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patents-in-suit, and components of products that are used to practice one or more processes/methods covered by the claims of the patents-in-suit and that constitute a material part of the inventions claimed in the patents-in-suit. Such components are, for example, the software components that provide in-application payment functionality, the software components that provide in-application advertising functionality and the software components that install apps that require payment and apps that use Apple’s inapplication payment functionality to collect payment for enhanced functionality or additional content. 99. In the above offering to sell and/or selling, Game Circus has known these components to be especially made or especially adapted for use in an infringement of the patents-in-suit and that these components are not a staple article or commodity of commerce suitable for substantial non-infringing use. Game Circus therefore infringes the patents-in-suit under 35 U.S.C. § 271(c). 100. To the extent that Game Circus releases any other app that requires payment or that uses Apple’s in-application payment functionality to collect payment for enhanced functionality or additional content or that uses Apple’s in-application advertising functionality, such apps meet claims of the patents-in-suit and infringe 35 U.S.C. § 271(a)-(c) in ways analogous to Game Circus’s current infringement described above. DEMAND FOR JURY TRIAL Plaintiffs hereby demand a jury for all issues so triable. PRAYER FOR RELIEF 1. A judgment that the Defendants have directly infringed the patents-in-suit, contributorily infringed the patents-in-suit, and/or induced the infringement of the patents-in-suit;

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2. A preliminary and permanent injunction preventing the Defendants and their officers, directors, agents, servants, employees, attorneys, licensees, successors, and assigns, and those in active concert or participation with any of them, from directly infringing, contributorily infringing, and/or inducing the infringement of the patents-in-suit; 3. A judgment that Apple’s infringement of the patents-in-suit has been willful; 4. A ruling that this case be found to be exceptional under 35 U.S.C. § 285, and a judgment awarding to Plaintiffs its attorneys’ fees incurred in prosecuting this action; 5. A judgment and order requiring Defendants to pay Plaintiffs damages under 35 U.S.C. § 284, including supplemental damages for any continuing post-verdict infringement up until entry of the final judgment, with an accounting, as needed, and enhanced damages for willful infringement as provided by 35 U.S.C. § 284; 6. A judgment and order requiring Defendants to pay Plaintiffs the costs of this action (including all disbursements); 7. A judgment and order requiring Defendants to pay Plaintiffs pre-judgment and postjudgment interest on the damages awarded; 8. A judgment and order requiring that in the event a permanent injunction preventing future acts of infringement is not granted, that Plaintiffs be awarded a compulsory ongoing licensing fee; and 9. Such other and further relief as the Court may deem just and proper.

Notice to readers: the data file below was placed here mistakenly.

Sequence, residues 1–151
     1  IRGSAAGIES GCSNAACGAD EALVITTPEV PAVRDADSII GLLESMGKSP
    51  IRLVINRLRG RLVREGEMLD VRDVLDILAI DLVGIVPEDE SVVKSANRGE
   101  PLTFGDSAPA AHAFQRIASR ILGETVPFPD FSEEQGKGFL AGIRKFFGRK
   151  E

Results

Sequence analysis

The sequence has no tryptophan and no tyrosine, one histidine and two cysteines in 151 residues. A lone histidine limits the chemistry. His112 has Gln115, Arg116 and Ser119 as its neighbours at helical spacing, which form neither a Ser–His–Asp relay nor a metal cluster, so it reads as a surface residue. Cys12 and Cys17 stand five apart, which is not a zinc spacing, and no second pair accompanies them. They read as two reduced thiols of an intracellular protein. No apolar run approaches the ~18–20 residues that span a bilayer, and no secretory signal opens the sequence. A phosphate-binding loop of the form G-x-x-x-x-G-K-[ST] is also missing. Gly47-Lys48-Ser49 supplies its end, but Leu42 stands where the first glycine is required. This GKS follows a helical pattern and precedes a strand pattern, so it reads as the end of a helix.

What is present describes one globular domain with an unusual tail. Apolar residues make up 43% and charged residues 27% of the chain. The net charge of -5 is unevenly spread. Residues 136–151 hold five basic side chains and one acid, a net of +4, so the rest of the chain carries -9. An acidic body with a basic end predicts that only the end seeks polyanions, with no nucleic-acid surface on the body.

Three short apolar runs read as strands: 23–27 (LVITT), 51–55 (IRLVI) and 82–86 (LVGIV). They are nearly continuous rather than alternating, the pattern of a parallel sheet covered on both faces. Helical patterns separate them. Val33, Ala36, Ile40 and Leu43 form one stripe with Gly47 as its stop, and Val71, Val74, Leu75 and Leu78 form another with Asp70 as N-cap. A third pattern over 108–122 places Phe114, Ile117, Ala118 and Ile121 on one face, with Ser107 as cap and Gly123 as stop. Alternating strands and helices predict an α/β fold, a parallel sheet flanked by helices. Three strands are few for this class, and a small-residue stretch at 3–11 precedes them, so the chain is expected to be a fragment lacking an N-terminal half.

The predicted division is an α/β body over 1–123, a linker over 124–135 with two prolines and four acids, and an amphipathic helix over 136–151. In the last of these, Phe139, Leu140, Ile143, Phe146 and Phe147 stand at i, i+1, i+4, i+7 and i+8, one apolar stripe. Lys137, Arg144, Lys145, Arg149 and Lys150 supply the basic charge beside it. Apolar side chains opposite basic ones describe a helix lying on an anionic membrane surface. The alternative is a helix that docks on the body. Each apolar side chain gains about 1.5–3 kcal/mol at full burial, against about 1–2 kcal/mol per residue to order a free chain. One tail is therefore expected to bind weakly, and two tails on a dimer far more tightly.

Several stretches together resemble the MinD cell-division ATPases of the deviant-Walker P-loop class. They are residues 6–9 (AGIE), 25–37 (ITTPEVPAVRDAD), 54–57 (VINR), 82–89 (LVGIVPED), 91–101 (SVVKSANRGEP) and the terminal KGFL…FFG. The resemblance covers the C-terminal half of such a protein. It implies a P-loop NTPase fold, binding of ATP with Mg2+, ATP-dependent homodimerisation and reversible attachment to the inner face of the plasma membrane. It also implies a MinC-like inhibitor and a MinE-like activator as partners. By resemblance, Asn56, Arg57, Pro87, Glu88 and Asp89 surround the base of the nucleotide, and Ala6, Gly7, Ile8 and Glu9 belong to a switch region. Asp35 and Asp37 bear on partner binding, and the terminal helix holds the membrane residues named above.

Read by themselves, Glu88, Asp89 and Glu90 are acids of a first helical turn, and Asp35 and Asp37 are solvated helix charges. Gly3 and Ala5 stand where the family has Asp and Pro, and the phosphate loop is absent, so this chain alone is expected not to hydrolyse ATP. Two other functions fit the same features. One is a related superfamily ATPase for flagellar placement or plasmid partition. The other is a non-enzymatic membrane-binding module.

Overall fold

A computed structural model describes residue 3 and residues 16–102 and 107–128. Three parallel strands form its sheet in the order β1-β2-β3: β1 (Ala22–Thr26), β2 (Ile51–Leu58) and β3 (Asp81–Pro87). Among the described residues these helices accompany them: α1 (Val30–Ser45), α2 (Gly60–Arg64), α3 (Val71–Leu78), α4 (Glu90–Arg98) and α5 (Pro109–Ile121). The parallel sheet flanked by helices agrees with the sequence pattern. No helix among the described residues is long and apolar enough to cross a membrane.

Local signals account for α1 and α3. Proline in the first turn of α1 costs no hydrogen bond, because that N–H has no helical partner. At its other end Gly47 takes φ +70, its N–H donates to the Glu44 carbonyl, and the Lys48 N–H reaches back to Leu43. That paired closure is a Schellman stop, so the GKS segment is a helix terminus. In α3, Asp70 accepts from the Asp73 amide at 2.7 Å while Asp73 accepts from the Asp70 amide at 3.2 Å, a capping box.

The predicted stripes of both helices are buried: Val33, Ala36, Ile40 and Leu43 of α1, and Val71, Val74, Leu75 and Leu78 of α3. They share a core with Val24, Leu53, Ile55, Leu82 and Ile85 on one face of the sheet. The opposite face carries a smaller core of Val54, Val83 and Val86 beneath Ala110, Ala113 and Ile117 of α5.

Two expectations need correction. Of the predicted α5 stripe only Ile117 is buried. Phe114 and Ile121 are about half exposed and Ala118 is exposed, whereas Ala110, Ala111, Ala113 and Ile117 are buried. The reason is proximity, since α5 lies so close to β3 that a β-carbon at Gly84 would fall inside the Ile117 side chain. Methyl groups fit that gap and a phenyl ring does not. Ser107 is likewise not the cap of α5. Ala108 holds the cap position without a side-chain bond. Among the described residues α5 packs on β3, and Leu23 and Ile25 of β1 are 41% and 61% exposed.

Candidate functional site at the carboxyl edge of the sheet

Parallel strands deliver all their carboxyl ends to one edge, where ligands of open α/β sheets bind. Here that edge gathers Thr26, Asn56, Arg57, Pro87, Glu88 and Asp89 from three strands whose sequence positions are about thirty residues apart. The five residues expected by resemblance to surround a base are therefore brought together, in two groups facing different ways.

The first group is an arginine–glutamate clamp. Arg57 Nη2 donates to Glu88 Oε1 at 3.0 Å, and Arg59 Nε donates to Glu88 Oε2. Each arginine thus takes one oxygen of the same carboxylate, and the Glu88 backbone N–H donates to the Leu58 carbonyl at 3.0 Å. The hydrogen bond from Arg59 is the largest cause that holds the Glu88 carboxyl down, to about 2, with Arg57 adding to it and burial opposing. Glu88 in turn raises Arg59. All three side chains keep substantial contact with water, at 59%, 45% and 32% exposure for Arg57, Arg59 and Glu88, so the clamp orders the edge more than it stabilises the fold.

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Dated: May 29, 2013

Respectfully submitted, CALDWELL CASSADY & CURRY a Bradley W. Caldwell Texas State Bar No. 24040630 Email: bcaldwell@caldwellcc.com Jason D. Cassady Texas State Bar No. 24045625 Email: jcassady@caldwellcc.com John Austin Curry Texas State Bar No. 24059636 Email: acurry@caldwellcc.com Daniel R. Pearson Texas State Bar No. 24070398 Email: dpearson@caldwellcc.com Hamad M. Hamad Texas State Bar No. 24061268 Email: hhamad@caldwellcc.com CALDWELL CASSADY CURRY P.C. 1717 McKinney, Suite 700 Dallas, Texas 75202 Telephone: (214) 810-4705 T. John Ward Texas State Bar No. 20848000 Email: tjw@wsfirm.com T. John Ward, Jr. Texas State Bar No. 00794818 Email: jw@wsfirm.com WARD & SMITH LAW FIRM P.O. Box 1231 1127 Judson Road, Suite 220 Longview, Texas 75606 Telephone: (903) 757-6400 Facsimile: (903) 757-2323 ATTORNEYS FOR PLAINTIFFS SMARTFLASH LLC AND SMARTFLASH TECHNOLOGIES LIMITED